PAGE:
1 Massachusetts Tests for Educator Licensure (MTEL ) FIELD 50: MIDDLE SCHOOL HUMANITIES TEST OBJECTIVES Subarea Multiple-Choice Range of Objectives Approximate Test Weighting I. Literature and Language % II. Reading, Rhetoric, and Composition % III. History % IV. Geography, Government, and Economics % Open-Response 80% V. Integration of Knowledge and Understanding 16 10% of English VI. Integration of Knowledge and Understanding 17 10% of History "Massachusetts Tests for Educator Licensure" and "MTEL" are trademarks of the Massachusetts Department of Education and National Evaluation Systems, Inc. (NES ). "NES " and its logo are registered trademarks of National Evaluation Systems, Inc.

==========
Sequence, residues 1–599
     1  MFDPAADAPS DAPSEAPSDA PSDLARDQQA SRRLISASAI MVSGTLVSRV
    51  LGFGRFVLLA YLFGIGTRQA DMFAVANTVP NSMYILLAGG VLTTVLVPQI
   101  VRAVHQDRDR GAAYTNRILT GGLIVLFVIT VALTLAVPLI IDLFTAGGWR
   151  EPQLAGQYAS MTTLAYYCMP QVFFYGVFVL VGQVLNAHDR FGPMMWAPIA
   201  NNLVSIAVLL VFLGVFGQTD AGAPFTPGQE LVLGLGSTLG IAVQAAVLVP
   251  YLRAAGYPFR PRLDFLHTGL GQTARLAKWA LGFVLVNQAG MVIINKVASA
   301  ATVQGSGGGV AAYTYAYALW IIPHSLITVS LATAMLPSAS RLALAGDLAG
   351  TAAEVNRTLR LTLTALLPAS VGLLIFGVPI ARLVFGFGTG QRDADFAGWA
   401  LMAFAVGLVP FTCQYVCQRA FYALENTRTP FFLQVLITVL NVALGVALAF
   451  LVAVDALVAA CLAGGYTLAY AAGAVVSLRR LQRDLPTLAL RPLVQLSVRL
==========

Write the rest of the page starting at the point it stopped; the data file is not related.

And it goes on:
2 Massachusetts Tests for Educator Licensure (MTEL ) Field 50: Middle School Humanities SUBAREAS: LITERATURE AND LANGUAGE READING, RHETORIC, AND COMPOSITION HISTORY GEOGRAPHY, GOVERNMENT, AND ECONOMICS INTEGRATION OF KNOWLEDGE AND UNDERSTANDING OF ENGLISH INTEGRATION OF KNOWLEDGE AND UNDERSTANDING OF HISTORY LITERATURE AND LANGUAGE [25%] 0001 Understand the characteristics and elements of various genres and types of literature, including literature for children and young adults. For example: characteristics of major literary genres (e.g., fiction, nonfiction, poetry, drama); elements of fiction (e.g., plot, character, setting, theme, point of view); genres of fiction (e.g., novels, short stories); types of fiction (e.g., folk legend, fantasy, mystery, realistic novel) and their characteristics; genres of nonfiction (e.g., biography, autobiography, letters, essays, reports) and their characteristic elements and structures; genres of drama (e.g., serious and tragic drama, comic drama, melodrama, farce) and their characteristic elements and structures; genres of poetry (e.g., lyric, concrete, dramatic, narrative, epic) and their characteristic elements and structures; types of patterned lyric poetry (e.g., sonnet, ballad, haiku); characteristics of literature for children and young adults; and literary devices (e.g., figurative language, imagery, irony, symbolism, ambiguity, rhythm, rhyme, sensory detail) and ways in which they contribute to meaning and style Understand American literature and language from the precolonial period to the present. For example: myths and legends of indigenous peoples of North America; characteristics of major movements (e.g., Romantic, Harlem Renaissance, Modern), periods (e.g., colonial, Civil War, contemporary), and various ethnic literary traditions (e.g., African American) in American literature; significant genres and themes; changes in literary forms and styles; major American authors and representative works and the significance of these works in the development of American literature from the colonial period to the present; and how the structure and use of American English have changed.